March 3, 2005

Rosetta calls in on Earth flyby

One year after launch from Kourou, French Guiana, the Rosetta probe will be just 2,000 km from Earth at the end of this week. So long to cover such a short distance? In fact, the probe is returning to our neighbourhood, having already completed one orbital revolution of the Sun. This first flyby close to Earth will boost Rosetta’s chase toward its target comet Churyumov-Gerasimenko.
4 March 2005

One year into the voyage

One year after setting out on its interplanetary voyage, Rosetta is in perfect shape. Following the launch from Kourou on 2 March 2004, it has undergone several phases of tests to check out the health of the spacecraft and the Philae lander.

All spacecraft systems—power, attitude control, thermal control, Earth communications, data recording and flight software—have been checked out, starting with the most critical.
The micro-cameras on the CIVA instrument are working well, as shown by this picture taken of Rosetta’s solar panels.
The micro-cameras on the CIVA instrument are working well, as shown by this picture taken of Rosetta’s solar panels.
Besides a failed pressure sensor on Philae, test results have shown that payload experiments are operating as intended and in some cases even exceeding performance expectations. Above all, they have successfully demonstrated their compatibility—a crucial factor once the instruments are activated in the vicinity of Rosetta’s target comet.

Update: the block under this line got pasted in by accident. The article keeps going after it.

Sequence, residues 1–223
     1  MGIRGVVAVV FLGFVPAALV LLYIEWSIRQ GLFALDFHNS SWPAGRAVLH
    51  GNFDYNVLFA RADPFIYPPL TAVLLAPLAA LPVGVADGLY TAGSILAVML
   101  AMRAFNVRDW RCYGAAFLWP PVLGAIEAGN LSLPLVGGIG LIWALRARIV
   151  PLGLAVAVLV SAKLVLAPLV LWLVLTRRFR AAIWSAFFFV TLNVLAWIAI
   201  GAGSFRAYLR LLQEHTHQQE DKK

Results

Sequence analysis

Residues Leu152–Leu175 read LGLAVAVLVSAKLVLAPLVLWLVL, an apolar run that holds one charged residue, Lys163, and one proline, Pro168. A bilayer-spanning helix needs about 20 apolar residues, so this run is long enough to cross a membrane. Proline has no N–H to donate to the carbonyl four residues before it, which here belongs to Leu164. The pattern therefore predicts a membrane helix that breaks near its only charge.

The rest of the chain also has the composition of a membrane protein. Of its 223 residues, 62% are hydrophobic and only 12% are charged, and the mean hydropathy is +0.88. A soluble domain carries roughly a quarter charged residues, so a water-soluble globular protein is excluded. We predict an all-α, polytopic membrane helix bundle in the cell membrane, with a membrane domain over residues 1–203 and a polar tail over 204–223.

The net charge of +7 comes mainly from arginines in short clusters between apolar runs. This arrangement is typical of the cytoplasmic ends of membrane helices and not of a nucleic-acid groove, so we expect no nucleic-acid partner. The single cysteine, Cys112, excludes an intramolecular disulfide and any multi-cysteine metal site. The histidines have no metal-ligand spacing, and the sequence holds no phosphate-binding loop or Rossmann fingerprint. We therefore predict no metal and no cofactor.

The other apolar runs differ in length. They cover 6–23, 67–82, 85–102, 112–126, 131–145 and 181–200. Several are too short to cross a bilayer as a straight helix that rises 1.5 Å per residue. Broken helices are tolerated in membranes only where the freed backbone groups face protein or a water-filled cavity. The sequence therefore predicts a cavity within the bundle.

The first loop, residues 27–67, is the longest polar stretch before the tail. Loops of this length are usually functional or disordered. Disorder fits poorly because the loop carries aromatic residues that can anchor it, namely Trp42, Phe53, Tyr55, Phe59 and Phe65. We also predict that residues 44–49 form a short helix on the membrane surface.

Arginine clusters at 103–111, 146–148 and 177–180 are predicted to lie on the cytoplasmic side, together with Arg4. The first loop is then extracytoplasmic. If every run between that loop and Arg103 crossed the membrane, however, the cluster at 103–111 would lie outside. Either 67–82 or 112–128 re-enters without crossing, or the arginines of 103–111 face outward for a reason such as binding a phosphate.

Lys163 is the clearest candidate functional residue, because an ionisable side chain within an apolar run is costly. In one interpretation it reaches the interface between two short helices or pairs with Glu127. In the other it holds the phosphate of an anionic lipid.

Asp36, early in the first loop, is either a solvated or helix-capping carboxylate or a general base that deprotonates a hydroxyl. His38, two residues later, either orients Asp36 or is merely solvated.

Health checks on the spacecraft are performed every 6 months. The instruments will begin acquiring real science data during planetary and asteroid flybys.

First science operations

On 4 March, Rosetta will make its first flyby of Earth, passing at a distance of just 1,980 km. This will be the first in a series of gravity assist manoeuvres to boost the probe’s orbital velocity and adjust its trajectory before departing on another revolution around the Sun.
The flyby also has a science objective, since Rosetta will look for the boundary of Earth’s magnetosphere and acquire calibration images of the Earth and Moon.
Later this year, on 4 July, the U.S. Deep Impact spacecraft will send a 300-kg impactor crashing into the surface of comet Tempel 1. Scientists are counting on Rosetta to observe this event.

Rosetta will perform a total of 4 flybys before reaching its final destination, comet Churyumov-Gerasimenko, in 2014. Between now and 2009, it will fly by Earth twice more and Mars once. Before commencing its main mission to characterize the comet nucleus, it will also study 2 large asteroids, Steins and Lutetia, chosen for their size and scientific value.

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